HRH: Assessment of interventions to attract and retain health workers in rural Zambia: a discrete choice experiment

4 April, 2019

Citation and abstract below, and a comment/question from me.

CITATION: Assessment of interventions to attract and retain health workers in rural Zambia: a discrete choice experiment

Margaret L. Prust et al.

Human Resources for Health 2019;17:26

https://doi.org/10.1186/s12960-019-0359-3

ABSTRACT

Background: Workforce shortages, particularly in rural areas, limit the delivery of health services in Zambia. Policymakers and researchers co-created this study to identify potential non-monetary employment incentives and assess their cost-effectiveness to attract and retain public sector health workers to the rural areas of Zambia.

Methods: The study consisted of two key phases: a discrete choice experiment (DCE), preceded by a qualitative component to inform DCE questionnaire development. Firstly, in qualitative interviews with 25 health workers and focus group discussions (FGDs) with 253 health students, participants were asked to discuss job attributes and potential incentives that would influence their job choices. Based on this exercise and in consultation with policymakers, job attributes were selected for inclusion in a discrete choice experiment (DCE) questionnaire. Secondly, this questionnaire, consisting of hypothetical job “choice sets,” was presented to 474 practicing health workers and students. A conditional logit regression model was applied to the data from this DCE questionnaire to estimate preferences for various job attributes. Using administrative data, we estimated the cost of implementing potential attraction and retention strategies per health worker year worked.

Results: Although health workers preferred urban jobs to rural jobs (OR 1.39, 95% CI 1.11–1.75), employment incentives influenced health workers’ decision to choose rural jobs. If superior housing was offered in a rural area compared to a basic housing allowance in an urban job, participants would be five times as likely to choose the rural job (OR 5.04, 95% CI 4.12–6.18). Education incentives and facility-based improvements also increased the likelihood of rural job uptake. Housing benefits were estimated to have the lowest total costs per health worker year worked, and offer high value in terms of cost per percentage point increase in rural job uptake.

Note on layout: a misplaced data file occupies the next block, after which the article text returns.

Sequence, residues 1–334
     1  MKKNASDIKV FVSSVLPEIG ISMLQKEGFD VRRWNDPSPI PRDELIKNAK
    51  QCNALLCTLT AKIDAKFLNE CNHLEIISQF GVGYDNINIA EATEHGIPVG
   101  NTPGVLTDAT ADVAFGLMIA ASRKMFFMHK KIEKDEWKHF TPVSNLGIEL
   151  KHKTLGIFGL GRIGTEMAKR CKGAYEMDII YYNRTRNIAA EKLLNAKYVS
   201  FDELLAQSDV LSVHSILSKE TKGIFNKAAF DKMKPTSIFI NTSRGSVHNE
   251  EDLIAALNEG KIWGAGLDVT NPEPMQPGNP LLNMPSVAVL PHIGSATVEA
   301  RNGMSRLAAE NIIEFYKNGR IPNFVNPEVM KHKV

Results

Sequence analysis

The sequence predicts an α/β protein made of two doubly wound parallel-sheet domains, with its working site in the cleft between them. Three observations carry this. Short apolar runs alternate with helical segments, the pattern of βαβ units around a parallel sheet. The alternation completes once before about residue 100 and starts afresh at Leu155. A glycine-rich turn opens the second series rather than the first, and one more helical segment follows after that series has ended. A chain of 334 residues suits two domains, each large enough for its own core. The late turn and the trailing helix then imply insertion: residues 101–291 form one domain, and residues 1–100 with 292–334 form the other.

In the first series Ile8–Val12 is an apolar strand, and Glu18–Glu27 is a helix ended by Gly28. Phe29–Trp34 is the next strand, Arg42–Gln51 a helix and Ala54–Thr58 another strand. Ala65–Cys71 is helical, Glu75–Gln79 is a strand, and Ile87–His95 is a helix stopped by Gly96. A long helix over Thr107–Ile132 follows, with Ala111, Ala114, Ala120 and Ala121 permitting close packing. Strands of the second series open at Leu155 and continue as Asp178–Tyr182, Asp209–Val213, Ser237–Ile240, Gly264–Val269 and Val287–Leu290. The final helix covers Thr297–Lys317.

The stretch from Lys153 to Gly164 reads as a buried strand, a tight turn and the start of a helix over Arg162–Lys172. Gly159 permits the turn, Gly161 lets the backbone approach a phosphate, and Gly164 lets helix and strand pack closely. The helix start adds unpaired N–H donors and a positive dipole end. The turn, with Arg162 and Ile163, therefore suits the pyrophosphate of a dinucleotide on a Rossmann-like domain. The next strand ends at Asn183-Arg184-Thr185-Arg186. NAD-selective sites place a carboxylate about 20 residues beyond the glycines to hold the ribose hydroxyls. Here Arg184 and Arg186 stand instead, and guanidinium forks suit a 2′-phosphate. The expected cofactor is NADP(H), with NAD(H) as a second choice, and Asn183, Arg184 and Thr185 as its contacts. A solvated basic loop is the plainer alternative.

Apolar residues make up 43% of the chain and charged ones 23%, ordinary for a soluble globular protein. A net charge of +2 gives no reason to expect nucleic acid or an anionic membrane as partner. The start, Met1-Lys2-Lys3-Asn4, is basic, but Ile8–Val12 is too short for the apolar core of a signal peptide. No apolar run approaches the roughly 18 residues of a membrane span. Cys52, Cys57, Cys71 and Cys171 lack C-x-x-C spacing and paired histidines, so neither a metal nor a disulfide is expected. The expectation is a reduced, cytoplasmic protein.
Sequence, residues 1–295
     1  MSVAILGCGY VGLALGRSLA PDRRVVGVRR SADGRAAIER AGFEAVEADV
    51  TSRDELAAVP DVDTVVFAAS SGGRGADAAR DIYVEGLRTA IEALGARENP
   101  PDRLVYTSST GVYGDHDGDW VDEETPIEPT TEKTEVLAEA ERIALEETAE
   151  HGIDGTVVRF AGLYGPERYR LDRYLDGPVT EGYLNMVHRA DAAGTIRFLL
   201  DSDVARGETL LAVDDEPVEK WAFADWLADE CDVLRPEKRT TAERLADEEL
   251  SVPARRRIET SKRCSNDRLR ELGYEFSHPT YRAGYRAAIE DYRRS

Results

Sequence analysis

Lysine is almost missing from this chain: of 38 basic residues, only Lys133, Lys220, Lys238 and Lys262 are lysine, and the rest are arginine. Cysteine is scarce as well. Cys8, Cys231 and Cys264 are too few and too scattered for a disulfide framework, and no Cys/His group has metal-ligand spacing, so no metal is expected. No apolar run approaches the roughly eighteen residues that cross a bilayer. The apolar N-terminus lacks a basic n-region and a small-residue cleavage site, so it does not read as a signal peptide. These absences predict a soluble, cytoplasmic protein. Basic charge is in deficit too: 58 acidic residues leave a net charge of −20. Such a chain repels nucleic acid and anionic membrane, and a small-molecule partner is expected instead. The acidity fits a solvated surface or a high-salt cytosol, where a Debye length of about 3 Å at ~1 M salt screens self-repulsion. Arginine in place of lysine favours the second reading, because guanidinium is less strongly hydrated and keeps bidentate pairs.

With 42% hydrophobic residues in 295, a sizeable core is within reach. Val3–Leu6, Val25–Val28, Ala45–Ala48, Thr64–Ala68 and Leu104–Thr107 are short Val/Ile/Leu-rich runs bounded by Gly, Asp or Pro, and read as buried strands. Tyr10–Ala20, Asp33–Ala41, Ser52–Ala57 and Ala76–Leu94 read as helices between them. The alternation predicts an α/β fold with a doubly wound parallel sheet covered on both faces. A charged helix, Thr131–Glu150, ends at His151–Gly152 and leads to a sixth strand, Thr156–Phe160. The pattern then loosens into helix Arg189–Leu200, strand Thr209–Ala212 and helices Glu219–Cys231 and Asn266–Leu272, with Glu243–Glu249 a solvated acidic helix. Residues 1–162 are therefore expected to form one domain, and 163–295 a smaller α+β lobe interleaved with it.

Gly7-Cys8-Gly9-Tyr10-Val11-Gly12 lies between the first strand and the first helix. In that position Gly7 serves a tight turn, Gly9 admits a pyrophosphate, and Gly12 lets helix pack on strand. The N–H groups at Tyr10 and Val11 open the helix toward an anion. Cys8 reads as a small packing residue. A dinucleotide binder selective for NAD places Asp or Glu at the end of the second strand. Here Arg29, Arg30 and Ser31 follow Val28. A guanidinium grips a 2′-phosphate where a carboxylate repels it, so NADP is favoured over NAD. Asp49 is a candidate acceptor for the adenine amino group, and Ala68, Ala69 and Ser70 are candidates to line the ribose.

Conclusions: Non-monetary incentives such as housing, education, and facility improvements can be important motivators of health worker choice of location and could mitigate rural health workforce shortages. These results can provide valuable insight into the types of job attributes and incentives that are most likely to be effective in attracting and retaining health workers in rural areas.

Comment (NPW): The above paper tells us: 'In 2003 the Ministry of Health (MOH) launched the Zambian Health Workers Retention Scheme (ZHWRS) pilot program to attract and retain medical doctors in rural and remote areas of the country... Evaluations of the ZHWRS have suggested that the policy has had limited effectiveness and that none of the included incentives are significantly associated with higher retention in rural areas.'

The lack of availability of frontline health workers in rural areas of Zambia (and other LMICs) continues to be a major barrier to the achievement of universal health coverage. I would be interested to hear from HIFA-Zambia members about their experience in this area (whether as a health worker, researcher, or policymaker). Is the situation in Zambia improving?

Best wishes, Neil

Working together for health in Zambia - Join HIFA-Zambia: http://www.hifa.org/forums/hifa-zambia

HIFA-Zambia profile: Neil Pakenham-Walsh is the coordinator of HIFA-Zambia and the HIFA campaign (Healthcare Information For All - www.hifa.org ). Twitter: @hifa_org FB: facebook.com/HIFAdotORG neil@hifa.org